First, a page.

A second trial of two former Tyco International (searchexecutives accused of looting the company of $600 million will be a shorter, streamlined affair that favors the prosecution, legal experts say.

The trial that lasted nearly six months, before a judge declared a mistrial because of threats to one juror, was a "dress rehearsal" for the Tyco prosecutors and should help them refocus on the strongest charges against former Tyco CEO L. Dennis Kozlowski (searchand former chief financial officer Mark H. Swartz (search), experts said.

"They could maybe put their case on an extreme diet and 'keep it simple, stupid,"' said John Coffee, a Columbia University Law School (searchprofessor who specializes in white-collar crime.

But after hearing from jurors who indicated what parts of the case were most persuasive, Coffee said, "I think next time the government might have the advantage. They know to focus on the things that resonated with the jury."

Prosecutors said they would retry Kozlowski, 57, and Swartz, 43, "at the earliest opportunity" after a judge declared the mistrial Friday because of pressure on one juror, who apparently received an intimidating letter and phone call urging her to convict.

"The prosecution really benefits the most" from the reprieve, said Susan Resley, a San Francisco lawyer and former Securities and Exchange Commission prosecutor who specializes in stock fraud. "The first trial was a dress rehearsal from which they could learn."

But Resley agreed that prosecutors have "got to tighten up their case."

Since opening statements began Oct. 7, prosecutors had called 47 witnesses and presented some 700 exhibits, including videotapes of Kozlowski's $2 million birthday party for his wife on a Mediterranean island and of an $18 million Manhattan apartment crammed with $15 million in furnishings.

The defense called one witness: Swartz.

Prosecutors accused Kozlowski and Swartz of stealing $170 million by hiding unauthorized bonuses and secretly forgiving loans to themselves. They also accused the defendants of stealing an additional $430 million by pumping up Tyco stock by lying about the company's finances. They had faced up to 30 years in prison if convicted.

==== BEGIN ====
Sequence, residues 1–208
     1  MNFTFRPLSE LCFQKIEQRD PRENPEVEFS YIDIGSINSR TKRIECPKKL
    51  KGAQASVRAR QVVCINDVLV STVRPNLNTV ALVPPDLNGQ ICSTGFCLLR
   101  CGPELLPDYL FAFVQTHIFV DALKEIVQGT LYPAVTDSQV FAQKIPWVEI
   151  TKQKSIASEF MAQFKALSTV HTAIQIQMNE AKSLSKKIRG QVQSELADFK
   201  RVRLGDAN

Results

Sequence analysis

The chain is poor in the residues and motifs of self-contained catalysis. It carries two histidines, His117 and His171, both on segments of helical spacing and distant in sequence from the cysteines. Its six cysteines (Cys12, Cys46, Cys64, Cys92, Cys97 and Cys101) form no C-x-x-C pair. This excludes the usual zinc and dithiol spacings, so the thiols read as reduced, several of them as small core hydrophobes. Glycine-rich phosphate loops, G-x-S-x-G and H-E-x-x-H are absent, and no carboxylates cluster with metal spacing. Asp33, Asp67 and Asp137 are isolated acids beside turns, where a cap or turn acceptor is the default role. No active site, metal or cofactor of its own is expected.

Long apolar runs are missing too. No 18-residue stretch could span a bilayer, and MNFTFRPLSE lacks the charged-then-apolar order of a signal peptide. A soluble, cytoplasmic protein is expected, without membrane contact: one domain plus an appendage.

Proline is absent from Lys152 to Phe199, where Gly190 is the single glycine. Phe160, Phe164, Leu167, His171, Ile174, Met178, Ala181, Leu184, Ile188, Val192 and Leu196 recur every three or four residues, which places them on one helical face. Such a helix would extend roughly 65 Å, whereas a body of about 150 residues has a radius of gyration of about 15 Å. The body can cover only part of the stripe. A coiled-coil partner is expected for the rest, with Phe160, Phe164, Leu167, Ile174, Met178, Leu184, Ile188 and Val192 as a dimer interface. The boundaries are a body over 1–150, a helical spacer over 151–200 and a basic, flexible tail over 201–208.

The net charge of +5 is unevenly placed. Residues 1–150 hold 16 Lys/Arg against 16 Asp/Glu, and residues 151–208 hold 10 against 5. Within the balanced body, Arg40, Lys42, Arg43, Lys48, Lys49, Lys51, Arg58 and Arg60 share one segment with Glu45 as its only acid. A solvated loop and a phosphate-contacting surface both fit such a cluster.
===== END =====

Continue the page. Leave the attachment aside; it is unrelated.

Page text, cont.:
The defense argued that the two had earned every dime and that the board of directors and auditors knew about the compensation and never objected.

Coffee said that mistrials can create advantages for the defense, who get a look at the entire case against their clients the first time around.

But in the Tyco trial, he said, "even with a poorly produced and paced prosecution, the jury was going to convict."

Coffee was referring to the mountain of evidence and jurors' comments that they were within hours or even minutes of reaching verdicts that would have included convictions on several of the top counts in the indictment. Some jurors said they would have likely reached a split verdict on the 32 charges of grand larceny, falsifying business records and conspiracy.

Experts said the comments could also prompt both sides to look for a plea deal for Kozlowski and Swartz.

On the other hand, defense attorneys could try to turn the mistrial and the publicity about the threatened juror and Kozlowski's $6,000 shower curtain to their advantage, arguing that their clients couldn't receive a new trial in New York, Coffee said. He doubted a change of venue motion would be granted, however.

Michael Connolly, a Boston business and securities litigator, said prosecutors probably have learned from a few mistakes during the first trial.

"The trial's length and the amount of evidence could have been overkill. If I were retrying the case, I would take a look at which witnesses, charges and exhibits I needed," he said.

Former federal prosecutor Robert Mintz agrees.

"We will certainly see a more focused, more streamlined prosecution case next time, not nearly as long as the first trial," he said. "A six-month trial is not good for the prosecution."